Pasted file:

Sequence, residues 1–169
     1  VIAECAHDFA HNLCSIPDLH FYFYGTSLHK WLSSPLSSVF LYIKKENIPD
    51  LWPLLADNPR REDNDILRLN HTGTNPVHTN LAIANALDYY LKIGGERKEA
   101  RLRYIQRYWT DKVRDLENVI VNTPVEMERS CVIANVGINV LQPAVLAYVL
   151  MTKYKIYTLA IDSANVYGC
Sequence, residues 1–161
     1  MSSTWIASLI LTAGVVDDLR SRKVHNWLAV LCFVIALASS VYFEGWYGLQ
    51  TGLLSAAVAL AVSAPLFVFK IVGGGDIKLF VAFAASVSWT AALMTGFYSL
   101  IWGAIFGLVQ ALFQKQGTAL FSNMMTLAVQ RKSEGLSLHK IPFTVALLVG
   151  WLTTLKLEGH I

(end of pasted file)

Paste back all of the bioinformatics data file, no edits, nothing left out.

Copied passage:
Sequence, residues 1–169
     1  VIAECAHDFA HNLCSIPDLH FYFYGTSLHK WLSSPLSSVF LYIKKENIPD
    51  LWPLLADNPR REDNDILRLN HTGTNPVHTN LAIANALDYY LKIGGERKEA
   101  RLRYIQRYWT DKVRDLENVI VNTPVEMERS CVIANVGINV LQPAVLAYVL
   151  MTKYKIYTLA IDSANVYGC
Sequence, residues 1–161
     1  MSSTWIASLI LTAGVVDDLR SRKVHNWLAV LCFVIALASS VYFEGWYGLQ
    51  TGLLSAAVAL AVSAPLFVFK IVGGGDIKLF VAFAASVSWT AALMTGFYSL
   101  IWGAIFGLVQ ALFQKQGTAL FSNMMTLAVQ RKSEGLSLHK IPFTVALLVG
   151  WLTTLKLEGH I